Sam will soon complete the first residency in the multi-partner programme ENTWINED: Rural. Land. Lives. Art. Initiated by Visual Arts in Rural Communities, this programme explores, through artists’ practices, different aspects of what makes a ‘place’ and reveals the interconnectedness of rural land and lives. See www.varc.org.uk/entwined for more about the programme.
For more about Sam and to download his end of residency booklet as a pdf with a full essay by Alexander Marr visit varc.org.uk/entwined/sam-douglas/
You can see more of Sam’s work below, on Instagram @samdouglasstudio and on his website samdouglas.co.uk
Once we can get out on site again, we will be working with our partners in Forestry England to improve footpaths to the Three Kings. Watch this space!
Our excavation of possible prehistoric features at Bellshiel was carried out in August 2019, in partnership with the MoD and Operation Nightingale. An archaeological evaluation report for the dig has been produced by Wessex Archaeology. You can download the full report here:
The main conclusions of the report are:
- Excavation of Site 1, a circular embanked feature with similarities to a Bronze Age ring cairn, did not reveal any internal features and no dateable material was recovered. It is most likely to be post-medieval or modern in date.
- Site 2, which was initially identified as a possible Bronze Age cairn proved to be two stone and earth clearance cairns of uncertain date. Radiocarbon dating was completed on two charcoal fragments found below the main cairn, which returned two late Iron Age/Romano-British dates. This means the cairns must post-date this and may relate to Roman or Romano-British field clearance.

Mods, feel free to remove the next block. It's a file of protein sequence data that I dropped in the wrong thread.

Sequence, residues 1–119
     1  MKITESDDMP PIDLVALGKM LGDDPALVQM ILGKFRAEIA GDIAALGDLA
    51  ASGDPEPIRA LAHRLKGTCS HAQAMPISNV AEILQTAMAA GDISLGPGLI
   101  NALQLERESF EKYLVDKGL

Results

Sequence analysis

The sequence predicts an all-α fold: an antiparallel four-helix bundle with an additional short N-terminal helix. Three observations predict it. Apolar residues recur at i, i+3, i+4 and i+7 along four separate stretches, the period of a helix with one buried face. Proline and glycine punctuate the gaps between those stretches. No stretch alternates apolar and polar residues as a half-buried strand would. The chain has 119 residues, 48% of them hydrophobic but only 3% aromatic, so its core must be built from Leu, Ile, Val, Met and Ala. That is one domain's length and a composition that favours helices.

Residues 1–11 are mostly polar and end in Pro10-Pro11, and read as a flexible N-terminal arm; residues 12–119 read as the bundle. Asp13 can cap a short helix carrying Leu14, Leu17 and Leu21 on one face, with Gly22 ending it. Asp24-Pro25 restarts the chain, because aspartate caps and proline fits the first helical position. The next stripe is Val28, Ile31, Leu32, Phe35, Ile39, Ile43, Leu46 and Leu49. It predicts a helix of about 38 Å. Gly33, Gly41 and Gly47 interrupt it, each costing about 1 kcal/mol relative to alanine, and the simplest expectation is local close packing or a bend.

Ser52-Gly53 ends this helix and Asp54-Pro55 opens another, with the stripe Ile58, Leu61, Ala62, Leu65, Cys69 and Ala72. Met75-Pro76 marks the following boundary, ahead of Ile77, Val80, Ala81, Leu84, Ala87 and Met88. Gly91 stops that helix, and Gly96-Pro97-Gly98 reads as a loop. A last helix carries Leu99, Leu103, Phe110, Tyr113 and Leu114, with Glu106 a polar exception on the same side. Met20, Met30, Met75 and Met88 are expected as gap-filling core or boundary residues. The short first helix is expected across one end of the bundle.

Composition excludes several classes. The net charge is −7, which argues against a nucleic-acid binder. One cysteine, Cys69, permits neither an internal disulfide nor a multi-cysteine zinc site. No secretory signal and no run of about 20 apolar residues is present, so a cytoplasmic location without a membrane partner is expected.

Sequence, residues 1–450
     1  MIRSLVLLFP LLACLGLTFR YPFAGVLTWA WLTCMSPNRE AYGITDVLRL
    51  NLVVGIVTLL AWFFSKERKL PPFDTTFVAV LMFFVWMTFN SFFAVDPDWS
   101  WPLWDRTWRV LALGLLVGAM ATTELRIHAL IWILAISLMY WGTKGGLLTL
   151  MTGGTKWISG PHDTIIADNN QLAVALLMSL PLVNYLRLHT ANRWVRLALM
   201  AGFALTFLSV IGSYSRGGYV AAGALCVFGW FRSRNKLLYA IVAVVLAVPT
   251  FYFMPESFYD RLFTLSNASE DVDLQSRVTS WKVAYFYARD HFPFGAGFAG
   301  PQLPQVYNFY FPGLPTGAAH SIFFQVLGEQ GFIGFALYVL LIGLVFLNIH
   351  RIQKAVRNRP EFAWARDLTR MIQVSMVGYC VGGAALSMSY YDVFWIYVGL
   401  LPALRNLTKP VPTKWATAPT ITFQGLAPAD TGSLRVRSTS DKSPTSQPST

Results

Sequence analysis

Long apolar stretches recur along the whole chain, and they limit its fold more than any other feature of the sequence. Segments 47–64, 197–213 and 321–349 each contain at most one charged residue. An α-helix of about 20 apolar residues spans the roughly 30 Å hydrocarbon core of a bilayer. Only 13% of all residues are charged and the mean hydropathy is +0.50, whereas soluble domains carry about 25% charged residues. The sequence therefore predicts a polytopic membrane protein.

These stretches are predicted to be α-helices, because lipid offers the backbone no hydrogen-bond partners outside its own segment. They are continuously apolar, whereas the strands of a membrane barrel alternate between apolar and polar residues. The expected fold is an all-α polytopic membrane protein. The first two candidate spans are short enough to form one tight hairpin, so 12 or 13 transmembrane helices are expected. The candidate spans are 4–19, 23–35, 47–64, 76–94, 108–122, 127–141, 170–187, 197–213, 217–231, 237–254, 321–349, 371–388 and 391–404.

- Site 3 proved to be a linear earthwork comprising a bank and ditch. A charcoal fragment was recovered but was not suitable for radiocarbon dating. It is likely that this feature post-dates the late Iron Age/early Romano-British period and may relate to land management and agricultural practices connected to two nearby Roman camps at Silloans and Bellshiel.
Plans are currently being developed to carry out future investigations of other potential prehistoric features in this area. Further information will be available here and on our social media pages.
Our excavation of an Iron Age/Romano-British enclosed settlement at Rattenraw was carried out in July and August 2019. An initial archaeological evaluation report for the excavation has now been produced by The Archaeological Practice. You can download the full report here:
The main conclusions of the report are:
- The site is confirmed as of Iron Age origin, by both structural elements and finds, which are typically dateable to the late iron age or Roman iron age period.
- The structural evidence, together with finds evidence suggests that the enclosure was occupied in the iron age and used for domestic and agricultural activities, as indicated by a fireplace, cooking pottery and a quern.
- Results of the excavation indicate that there were at least two structural phases to the settlement, revealed by a spine-like enclosure wall structure and layers of cobbled and paved surfaces.
- The ’roundhouse’ structures appear to have been of poor construction and may have only been used as animal pens, although one did appear to have a central hearth feature, which would indicate domestic activity.
- The extensive and good-quality flagged stone flooring is similar to that found at other Iron Age sites in the area, such as Woolaw and Gunnerton. Its purpose might have been to provide an effective working surface, or hard standing for livestock.
- A substantial ditch running between two roundhouses may once have been the original outer edge of the settlement, which was then subsequently extended.
There will be further research into the finds made and the results of this research will be published in due course. It is hoped that further investigations will be carried out at Rattenraw – further information and details will be available here and on our social media pages.